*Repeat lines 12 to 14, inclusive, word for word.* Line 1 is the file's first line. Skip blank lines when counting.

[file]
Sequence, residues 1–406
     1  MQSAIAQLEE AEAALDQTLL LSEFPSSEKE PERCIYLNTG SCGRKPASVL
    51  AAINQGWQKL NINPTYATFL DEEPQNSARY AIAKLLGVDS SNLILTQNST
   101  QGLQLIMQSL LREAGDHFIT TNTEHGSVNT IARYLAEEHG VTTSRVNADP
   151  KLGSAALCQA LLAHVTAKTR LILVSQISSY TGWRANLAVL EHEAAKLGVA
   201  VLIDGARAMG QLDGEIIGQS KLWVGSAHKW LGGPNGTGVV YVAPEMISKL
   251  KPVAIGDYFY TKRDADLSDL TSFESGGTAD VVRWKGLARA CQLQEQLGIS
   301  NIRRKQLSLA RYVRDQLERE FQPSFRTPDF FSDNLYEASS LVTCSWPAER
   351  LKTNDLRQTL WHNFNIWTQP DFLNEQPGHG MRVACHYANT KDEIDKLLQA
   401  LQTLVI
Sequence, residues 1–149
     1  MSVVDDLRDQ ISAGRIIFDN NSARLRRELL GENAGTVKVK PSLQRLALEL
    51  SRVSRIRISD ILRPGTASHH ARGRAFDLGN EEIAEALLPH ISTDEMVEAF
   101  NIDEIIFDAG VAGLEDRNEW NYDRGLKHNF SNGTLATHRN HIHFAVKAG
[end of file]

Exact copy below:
     1  MSVVDDLRDQ ISAGRIIFDN NSARLRRELL GENAGTVKVK PSLQRLALEL
    51  SRVSRIRISD ILRPGTASHH ARGRAFDLGN EEIAEALLPH ISTDEMVEAF
   101  NIDEIIFDAG VAGLEDRNEW NYDRGLKHNF SNGTLATHRN HIHFAVKAG